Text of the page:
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Gold to Platinum ratio reaches new record level


Liam Sheasby

Liam Sheasby, News Editor
10 Apr 2018, 1:54 p.m.

The amount of platinum that buys an ounce of gold has reached a new peak level. The previous peak of 1.42 occurred in September last year, indicative of platinum’s decline in popularity, but now we've hit a new peak of 1.47 ounces of platinum per ounce of gold.

Platinum is currently worth £659.45 per ounce, while gold is currently £943.43 per ounce – a 31.11% difference in price between each metal. A decade ago platinum was at a similar level, but over those 10 years it has lost £360 per ounce.

The big factor influencing the decline of platinum is the diesel emissions scandal that hurt Volkswagen primarily, but several other car manufacturers in the process. Platinum is used in catalytic converters for diesel cars, so the loss of faith in manufacturers and their ability to adhere to pollution limits has meant that many people are shunning diesel cars in favour of petrol, electric, and hybrids. Palladium, used in catalytic converters for petrol cars, was the best performing precious metal of 2017, rising over 13% in value per ounce for the year.

It may be considered surprising that platinum’s value hasn’t fallen further, but mining has been deliberately limited to maintain a continued higher price. If the value were to fall too low then it would not be financially viable to continue mining it, which has resulted in limited output and a 275,000 ounce shortage of platinum per year (to date).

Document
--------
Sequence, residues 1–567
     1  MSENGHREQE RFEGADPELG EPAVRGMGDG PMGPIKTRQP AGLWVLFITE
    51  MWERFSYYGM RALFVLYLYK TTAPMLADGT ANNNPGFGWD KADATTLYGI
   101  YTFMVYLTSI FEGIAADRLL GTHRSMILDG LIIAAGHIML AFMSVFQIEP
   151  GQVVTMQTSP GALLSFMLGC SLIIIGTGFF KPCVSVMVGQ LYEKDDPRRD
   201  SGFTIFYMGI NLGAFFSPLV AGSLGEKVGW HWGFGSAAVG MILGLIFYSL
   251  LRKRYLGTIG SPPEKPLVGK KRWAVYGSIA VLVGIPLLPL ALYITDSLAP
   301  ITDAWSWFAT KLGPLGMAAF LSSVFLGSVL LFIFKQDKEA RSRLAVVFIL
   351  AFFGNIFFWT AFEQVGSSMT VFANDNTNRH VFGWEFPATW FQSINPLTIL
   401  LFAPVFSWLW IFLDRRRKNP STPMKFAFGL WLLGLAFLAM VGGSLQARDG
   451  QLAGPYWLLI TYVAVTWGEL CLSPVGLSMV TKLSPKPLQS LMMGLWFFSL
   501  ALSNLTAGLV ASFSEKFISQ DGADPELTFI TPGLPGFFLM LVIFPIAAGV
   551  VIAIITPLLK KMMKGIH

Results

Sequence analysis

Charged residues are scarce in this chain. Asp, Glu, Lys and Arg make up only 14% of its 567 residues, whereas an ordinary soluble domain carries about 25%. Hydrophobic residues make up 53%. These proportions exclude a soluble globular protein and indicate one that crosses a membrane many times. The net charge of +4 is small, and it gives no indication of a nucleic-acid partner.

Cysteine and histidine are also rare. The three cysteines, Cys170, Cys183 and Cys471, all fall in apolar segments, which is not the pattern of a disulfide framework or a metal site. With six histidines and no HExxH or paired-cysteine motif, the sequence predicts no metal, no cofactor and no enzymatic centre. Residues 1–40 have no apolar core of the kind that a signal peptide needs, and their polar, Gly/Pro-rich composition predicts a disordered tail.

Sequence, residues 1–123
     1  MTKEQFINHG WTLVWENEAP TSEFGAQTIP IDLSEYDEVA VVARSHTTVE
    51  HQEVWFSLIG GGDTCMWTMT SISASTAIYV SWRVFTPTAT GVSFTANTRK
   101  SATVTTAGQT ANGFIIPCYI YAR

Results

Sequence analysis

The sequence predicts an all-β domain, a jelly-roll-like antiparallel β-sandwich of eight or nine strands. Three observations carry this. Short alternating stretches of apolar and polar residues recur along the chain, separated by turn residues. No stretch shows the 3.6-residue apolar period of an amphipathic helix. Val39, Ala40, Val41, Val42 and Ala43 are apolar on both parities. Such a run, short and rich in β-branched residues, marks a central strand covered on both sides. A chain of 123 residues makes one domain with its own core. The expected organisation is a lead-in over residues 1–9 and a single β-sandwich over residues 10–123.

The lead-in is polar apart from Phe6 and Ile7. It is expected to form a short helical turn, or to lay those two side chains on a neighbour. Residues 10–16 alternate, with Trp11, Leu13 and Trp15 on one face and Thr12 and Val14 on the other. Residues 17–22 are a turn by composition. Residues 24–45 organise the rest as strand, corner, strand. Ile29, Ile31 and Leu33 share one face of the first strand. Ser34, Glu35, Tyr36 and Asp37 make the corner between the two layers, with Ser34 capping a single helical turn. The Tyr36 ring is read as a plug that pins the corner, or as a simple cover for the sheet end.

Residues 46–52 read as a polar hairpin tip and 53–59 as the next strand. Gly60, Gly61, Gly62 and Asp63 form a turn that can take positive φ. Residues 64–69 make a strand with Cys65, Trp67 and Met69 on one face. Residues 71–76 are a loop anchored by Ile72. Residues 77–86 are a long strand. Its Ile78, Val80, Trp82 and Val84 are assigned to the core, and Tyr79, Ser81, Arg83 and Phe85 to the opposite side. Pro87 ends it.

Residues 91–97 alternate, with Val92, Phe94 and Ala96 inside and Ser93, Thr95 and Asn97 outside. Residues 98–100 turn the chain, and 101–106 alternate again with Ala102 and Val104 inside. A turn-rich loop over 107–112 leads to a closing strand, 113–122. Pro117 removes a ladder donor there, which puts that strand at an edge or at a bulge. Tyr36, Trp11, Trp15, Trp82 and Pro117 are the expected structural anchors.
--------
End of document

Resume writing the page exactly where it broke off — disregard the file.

The record level for platinum against gold seems similar to the new record levels of silver to gold, and thus an argument could be inferred that like silver, platinum is currently undervalued. Traditionally platinum has been a higher price than gold, and the average ratio of gold to platinum is 0.75 – half of the current ratio almost – but the issue is that we currently have artificial sustenance of the platinum price. The previous run of platinum popularity was due to the big push by many governments to get the public to buy “less pollutive” diesel cars, which meant that for several years platinum was the top performing precious metal and in great demand. The current peak ratio in favour of gold is an exaggeration because of the anti-diesel efforts at present, but it does highlight a previous overvaluation of platinum while it was popular.

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